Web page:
“True”

The news has taken a lot of my attention this week and I want to share a thought about the controversial book, Fire and Fury. There was this quote (image from the Kindle preview and full disclosure, I haven’t read the book)

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It sounds like what he’s saying is that untruth is part of this book. So then what do you believe? This is something that has been touched on in different reports, but is not explored in depth.

It reminded me about biased journalism against Israel that reporters often deny. One well-known example of this is the battle in Jenin in 2002. Journalists faithfully and accurately quoted the residents of Jenin and Palestinian spokespeople who said that 400-500 Palestinians were massacred in Jenin and that the Israelis committed war crimes. These allegations spread throughout all the news outlets because they were indeed accurately reported. It’s just that what was said was not at all true. In fact, 52-54 Palestinians and 23 IDF soldiers were killed in the fighting. By the time that came out, no one was listening and so when people think of Jenin, the first thing they usually think is “massacre.” (It’s also true that Israel did not handle the media properly at the time and restricted their access.)

I’m not defending the Trump White House here, but Michael Wolff has basically done the same thing. He has faithfully and accurately reported things that were said to him, but he has no way of knowing which parts are true unless he was a witness. Does DT go to bed at 6:30pm with a cheeseburger? Who knows? Did all those people call him different variations of stupid? Only if Michael Wolff heard it with his own ears. Did he not want to win the presidency? Unknown.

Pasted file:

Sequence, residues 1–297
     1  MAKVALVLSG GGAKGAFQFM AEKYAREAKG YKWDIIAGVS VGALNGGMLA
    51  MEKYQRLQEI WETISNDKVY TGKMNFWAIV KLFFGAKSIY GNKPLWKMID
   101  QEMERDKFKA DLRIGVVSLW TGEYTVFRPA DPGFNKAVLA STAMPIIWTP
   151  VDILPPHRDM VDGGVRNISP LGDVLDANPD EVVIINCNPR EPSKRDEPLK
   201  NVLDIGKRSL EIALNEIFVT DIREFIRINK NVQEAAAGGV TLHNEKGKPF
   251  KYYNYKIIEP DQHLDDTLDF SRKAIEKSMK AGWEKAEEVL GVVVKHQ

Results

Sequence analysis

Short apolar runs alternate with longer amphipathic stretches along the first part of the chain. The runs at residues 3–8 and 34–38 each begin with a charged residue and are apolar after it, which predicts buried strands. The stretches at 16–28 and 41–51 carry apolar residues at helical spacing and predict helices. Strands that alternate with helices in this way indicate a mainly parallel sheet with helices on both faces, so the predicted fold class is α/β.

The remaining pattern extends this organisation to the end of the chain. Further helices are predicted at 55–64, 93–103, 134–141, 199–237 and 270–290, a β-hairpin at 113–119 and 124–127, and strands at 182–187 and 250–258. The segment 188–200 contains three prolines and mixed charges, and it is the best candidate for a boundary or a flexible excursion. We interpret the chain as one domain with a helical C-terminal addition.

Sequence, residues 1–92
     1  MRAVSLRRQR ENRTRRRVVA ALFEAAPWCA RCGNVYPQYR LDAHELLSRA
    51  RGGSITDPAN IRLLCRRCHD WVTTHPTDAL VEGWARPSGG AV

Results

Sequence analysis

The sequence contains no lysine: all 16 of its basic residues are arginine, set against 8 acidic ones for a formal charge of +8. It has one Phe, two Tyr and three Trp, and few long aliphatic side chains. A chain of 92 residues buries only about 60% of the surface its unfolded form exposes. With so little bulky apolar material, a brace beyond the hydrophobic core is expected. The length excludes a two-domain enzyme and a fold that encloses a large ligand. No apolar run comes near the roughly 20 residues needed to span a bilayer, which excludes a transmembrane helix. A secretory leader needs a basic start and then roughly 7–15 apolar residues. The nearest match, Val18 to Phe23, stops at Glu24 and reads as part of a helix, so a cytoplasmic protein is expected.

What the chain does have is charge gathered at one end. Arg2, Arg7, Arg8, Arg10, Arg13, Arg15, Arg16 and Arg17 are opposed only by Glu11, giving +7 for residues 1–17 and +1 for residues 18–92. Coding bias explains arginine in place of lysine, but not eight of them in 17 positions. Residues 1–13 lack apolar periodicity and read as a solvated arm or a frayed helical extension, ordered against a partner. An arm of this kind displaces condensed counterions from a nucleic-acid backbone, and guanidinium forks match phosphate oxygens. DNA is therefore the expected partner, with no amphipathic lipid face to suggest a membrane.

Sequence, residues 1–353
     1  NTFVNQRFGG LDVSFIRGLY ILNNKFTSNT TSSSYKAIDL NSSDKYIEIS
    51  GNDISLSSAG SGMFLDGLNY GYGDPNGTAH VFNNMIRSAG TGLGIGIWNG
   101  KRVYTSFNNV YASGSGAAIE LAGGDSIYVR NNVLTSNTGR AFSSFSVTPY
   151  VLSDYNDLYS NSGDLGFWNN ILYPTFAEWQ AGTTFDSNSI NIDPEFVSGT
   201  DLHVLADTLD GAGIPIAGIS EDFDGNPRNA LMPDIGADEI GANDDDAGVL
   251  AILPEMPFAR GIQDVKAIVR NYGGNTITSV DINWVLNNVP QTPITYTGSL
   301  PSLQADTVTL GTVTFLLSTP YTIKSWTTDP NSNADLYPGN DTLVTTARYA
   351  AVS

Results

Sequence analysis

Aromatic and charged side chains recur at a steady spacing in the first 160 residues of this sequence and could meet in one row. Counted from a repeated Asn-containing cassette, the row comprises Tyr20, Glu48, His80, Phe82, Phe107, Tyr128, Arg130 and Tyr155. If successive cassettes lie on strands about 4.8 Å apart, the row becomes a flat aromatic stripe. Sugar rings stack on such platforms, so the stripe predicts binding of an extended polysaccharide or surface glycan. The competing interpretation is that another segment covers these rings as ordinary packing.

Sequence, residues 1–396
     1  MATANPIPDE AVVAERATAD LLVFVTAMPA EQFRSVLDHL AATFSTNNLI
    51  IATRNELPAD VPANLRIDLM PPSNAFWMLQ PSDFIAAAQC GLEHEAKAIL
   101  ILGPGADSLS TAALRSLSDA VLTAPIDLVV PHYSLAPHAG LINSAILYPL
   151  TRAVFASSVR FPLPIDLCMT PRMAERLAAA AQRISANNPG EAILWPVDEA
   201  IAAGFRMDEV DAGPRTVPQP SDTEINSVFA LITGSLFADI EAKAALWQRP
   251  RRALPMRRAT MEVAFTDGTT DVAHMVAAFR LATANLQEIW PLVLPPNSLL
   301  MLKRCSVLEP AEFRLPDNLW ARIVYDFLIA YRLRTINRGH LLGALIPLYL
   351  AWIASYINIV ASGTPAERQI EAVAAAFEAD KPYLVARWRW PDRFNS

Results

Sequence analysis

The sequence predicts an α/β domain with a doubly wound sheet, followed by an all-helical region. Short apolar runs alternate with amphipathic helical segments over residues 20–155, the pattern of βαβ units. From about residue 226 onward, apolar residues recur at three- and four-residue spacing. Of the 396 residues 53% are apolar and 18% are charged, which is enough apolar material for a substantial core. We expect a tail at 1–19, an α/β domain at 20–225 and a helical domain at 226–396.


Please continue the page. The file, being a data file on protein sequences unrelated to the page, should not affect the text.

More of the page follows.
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Some in the media think that it’s enough to say that what they are reporting is “true” simply because it is exactly what someone said. They need to also check that what is being said is objectively true. When Sean Spicer said that the crowd was the biggest that there had ever been for an inauguration, the media did their due diligence and showed that this was objectively untrue. They need to apply the same standards across the board to all their news stories. They need to remember that they are not just reporters of statements (or tweets), but investigative journalists who have a responsibility as the Fourth Estate to find out what is true, and not limit their investigations to what fits their own personal agendas and the story they want to tell. That means that whether a journalist is pro or anti Trump or pro or anti Israel, their first responsibility is to get as close to the objective truth as they can.

I saw an interesting piece about journalists in the Netherlands grilling US Ambassador to the Netherlands Pete Hoekstra about false statements he made about Dutch politicians being burned and “no-go zones” taken over by Muslim extremists. The Dutch journalists banded together and no one asked any other question except if he would give an example or retract his statements. They asked quietly and respectfully, but did not back down.

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If we can get the media to investigate something, what I’d like to know is: If the president is playing golf and cutting back on his schedule (starting his day at 11am and scheduling “executive time” for hours every day), then who is picking up the slack? I can imagine that the ship of government continues to sail without a strong rudder, but shouldn’t someone be at the helm? Is there an autopilot? Can the ship run aground? And if so, what happens then? Or, and I may be veering into conspiracy theory territory here, perhaps there is someone in the background (who did not run for president) who is actually steering the ship? Is the apparent chaos in the White House a distraction?

The 24-hour news cycle and ratings/clicks-driven stories don’t necessarily leave a lot of time for journalistic integrity and investigation. But maybe we as consumers need to demand more, demand better, and demand verifiable and objective truths.

3 thoughts on ““True”

  1. Pingback: [Expletive deleted] | The Write Place (for me)

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